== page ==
The most populair method of configuring is to use a different domain for each storefront. If you use this way, each storefront is served from another domain or subdomain.

This can be done using the generic http.magerunmaps file in the /data/web/nginx directory. This configuration makes sure that for each domain, the correct MAGE_RUN_CODE and MAGE_RUN_TYPE is used into the PHP environment, ensuring Magento knows which store code to use for which domain.

If you want want to use a mix of both domains and subdirectories to serve your storefronts, use this method to configure all your domains so we can add the storefronts that are served from a subdirectory manually later.

Configuring Your http.magerunmaps

To serve a specific storefront for each domain, use the following snippet:

map $host $storecode {
  default nl_store; nl_store; nl_store; be_store; be_store;
# run something.example.come in website mode (usually not required)
map $host $storetype {
  default store; website;

The values for $storecode and $storetype will be used by Nginx to set the environment variables MAGE_RUN_CODE and MAGE_RUN_TYPE within the php environment, which are used by Magento to determine which storefront and store type should be used.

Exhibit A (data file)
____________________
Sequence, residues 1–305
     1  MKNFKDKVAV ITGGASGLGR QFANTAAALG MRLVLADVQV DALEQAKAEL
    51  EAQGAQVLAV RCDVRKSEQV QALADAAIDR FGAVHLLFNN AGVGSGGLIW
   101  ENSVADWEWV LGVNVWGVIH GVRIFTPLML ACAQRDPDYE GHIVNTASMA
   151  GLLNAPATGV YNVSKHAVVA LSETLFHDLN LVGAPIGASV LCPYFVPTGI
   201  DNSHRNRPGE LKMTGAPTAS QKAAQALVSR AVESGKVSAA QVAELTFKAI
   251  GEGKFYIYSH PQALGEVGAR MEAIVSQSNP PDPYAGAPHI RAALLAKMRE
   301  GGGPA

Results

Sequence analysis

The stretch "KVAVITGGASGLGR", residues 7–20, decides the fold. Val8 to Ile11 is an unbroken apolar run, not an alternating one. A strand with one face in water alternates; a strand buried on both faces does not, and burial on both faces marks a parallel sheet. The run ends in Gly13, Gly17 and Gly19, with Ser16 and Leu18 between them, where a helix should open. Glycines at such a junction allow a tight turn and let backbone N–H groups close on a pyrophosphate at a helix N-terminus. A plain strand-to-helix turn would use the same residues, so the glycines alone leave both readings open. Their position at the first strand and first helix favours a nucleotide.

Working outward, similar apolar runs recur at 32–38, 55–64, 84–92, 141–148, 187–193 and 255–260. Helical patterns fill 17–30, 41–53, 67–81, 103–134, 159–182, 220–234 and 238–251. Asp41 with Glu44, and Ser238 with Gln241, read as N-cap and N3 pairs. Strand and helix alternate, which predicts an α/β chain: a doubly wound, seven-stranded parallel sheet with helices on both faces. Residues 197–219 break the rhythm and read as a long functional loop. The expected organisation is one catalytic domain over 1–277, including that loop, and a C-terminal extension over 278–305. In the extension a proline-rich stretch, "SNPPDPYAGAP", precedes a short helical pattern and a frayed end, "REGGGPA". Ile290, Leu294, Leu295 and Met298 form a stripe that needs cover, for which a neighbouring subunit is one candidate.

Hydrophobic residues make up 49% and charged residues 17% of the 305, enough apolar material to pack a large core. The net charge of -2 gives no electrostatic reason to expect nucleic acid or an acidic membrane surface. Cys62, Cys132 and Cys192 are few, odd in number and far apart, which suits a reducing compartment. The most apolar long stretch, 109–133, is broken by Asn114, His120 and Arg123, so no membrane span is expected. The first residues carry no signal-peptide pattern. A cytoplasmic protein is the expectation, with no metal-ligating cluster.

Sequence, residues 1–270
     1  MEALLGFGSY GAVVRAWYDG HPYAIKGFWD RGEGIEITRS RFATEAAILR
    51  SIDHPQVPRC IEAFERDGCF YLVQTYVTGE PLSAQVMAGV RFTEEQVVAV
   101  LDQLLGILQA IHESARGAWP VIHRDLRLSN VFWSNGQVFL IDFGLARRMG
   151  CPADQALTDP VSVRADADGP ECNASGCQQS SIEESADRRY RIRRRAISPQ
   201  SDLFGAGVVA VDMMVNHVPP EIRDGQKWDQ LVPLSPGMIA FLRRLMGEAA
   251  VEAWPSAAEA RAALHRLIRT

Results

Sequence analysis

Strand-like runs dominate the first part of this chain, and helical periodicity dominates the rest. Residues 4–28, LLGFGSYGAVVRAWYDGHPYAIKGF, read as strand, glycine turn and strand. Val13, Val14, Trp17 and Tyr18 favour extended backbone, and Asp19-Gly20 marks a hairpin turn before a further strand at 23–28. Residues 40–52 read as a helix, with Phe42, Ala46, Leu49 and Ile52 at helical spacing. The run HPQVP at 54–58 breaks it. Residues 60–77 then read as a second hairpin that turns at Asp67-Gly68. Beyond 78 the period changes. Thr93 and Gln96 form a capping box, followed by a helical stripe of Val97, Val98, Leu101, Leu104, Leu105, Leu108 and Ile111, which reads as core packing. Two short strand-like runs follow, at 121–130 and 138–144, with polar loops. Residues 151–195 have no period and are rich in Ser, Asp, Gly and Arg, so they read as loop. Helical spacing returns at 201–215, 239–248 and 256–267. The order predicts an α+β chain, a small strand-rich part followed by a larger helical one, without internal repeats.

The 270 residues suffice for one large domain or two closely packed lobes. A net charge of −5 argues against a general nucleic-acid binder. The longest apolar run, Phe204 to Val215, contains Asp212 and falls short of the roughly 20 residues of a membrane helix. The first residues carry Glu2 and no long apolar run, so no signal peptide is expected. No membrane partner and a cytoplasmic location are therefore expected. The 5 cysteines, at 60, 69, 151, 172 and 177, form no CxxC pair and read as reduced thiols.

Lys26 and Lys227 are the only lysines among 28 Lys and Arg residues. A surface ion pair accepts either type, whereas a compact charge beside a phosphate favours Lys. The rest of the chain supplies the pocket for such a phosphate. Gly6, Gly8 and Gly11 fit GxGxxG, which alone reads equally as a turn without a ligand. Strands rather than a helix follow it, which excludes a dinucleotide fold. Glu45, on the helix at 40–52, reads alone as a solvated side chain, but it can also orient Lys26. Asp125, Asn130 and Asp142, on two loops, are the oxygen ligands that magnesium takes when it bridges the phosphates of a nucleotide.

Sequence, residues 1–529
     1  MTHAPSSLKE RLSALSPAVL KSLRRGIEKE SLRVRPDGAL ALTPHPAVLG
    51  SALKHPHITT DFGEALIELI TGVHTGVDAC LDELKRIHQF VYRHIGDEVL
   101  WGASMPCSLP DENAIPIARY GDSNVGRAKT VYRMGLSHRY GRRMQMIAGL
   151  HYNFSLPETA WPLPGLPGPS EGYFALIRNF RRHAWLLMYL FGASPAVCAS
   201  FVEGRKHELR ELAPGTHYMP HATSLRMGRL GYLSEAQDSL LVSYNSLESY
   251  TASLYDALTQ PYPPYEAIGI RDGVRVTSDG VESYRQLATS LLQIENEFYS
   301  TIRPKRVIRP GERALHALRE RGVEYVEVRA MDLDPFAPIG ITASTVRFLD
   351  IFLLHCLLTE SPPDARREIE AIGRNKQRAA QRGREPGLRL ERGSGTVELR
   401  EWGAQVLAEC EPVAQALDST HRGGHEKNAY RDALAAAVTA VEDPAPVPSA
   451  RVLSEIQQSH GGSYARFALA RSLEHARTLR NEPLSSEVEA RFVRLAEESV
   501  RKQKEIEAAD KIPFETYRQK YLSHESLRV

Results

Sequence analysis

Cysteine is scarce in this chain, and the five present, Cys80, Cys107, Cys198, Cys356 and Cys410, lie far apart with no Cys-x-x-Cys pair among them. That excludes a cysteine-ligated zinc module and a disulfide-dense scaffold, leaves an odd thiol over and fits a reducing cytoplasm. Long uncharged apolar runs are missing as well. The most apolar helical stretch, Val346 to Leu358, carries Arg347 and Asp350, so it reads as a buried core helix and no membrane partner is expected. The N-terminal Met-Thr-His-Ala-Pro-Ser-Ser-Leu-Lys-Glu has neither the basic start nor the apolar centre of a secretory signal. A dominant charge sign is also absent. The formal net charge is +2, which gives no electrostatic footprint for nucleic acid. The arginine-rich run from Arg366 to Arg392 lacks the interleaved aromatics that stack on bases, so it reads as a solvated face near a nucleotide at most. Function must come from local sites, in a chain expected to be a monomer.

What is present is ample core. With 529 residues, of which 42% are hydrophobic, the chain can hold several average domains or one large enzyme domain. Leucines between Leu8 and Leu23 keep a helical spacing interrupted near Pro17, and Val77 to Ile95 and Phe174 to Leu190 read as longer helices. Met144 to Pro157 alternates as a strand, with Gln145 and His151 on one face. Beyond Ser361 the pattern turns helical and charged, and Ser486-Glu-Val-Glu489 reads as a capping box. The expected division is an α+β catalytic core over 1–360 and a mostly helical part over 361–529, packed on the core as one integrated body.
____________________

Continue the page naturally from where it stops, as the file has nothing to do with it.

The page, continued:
Configure Magento to Use a Subdirectory for Each Storefront

If you want to use only subdirectories, these are the instructions you a looking for. This method does not account for any domain configuration, so if you want to use both multiple domain names and subdirectories, use the method mentioned below.

Most of the snippet account for an index.php in the subdirectory, which can be accomplished without copying files but instead by creating a symlink from the subdirectory to the main public directory. This ensures for each storefront the index.php and all other files (media etc) are in place without the need to copy files to each subdirectory.

To create the symlinks, use the ln utility and link the subdirectory to the main public/ directory:

  • Create a symlink for multiple subdirectories:
    for STOREFRONT in de de fr nl be; do
      ln -s /data/web/public /data/web/public/$STOREFRONT
  • Create a symlink for a single subdirectory:

    ln -s /data/web/public /data/web/public/subdirectory

Configuring Your http.magerunmaps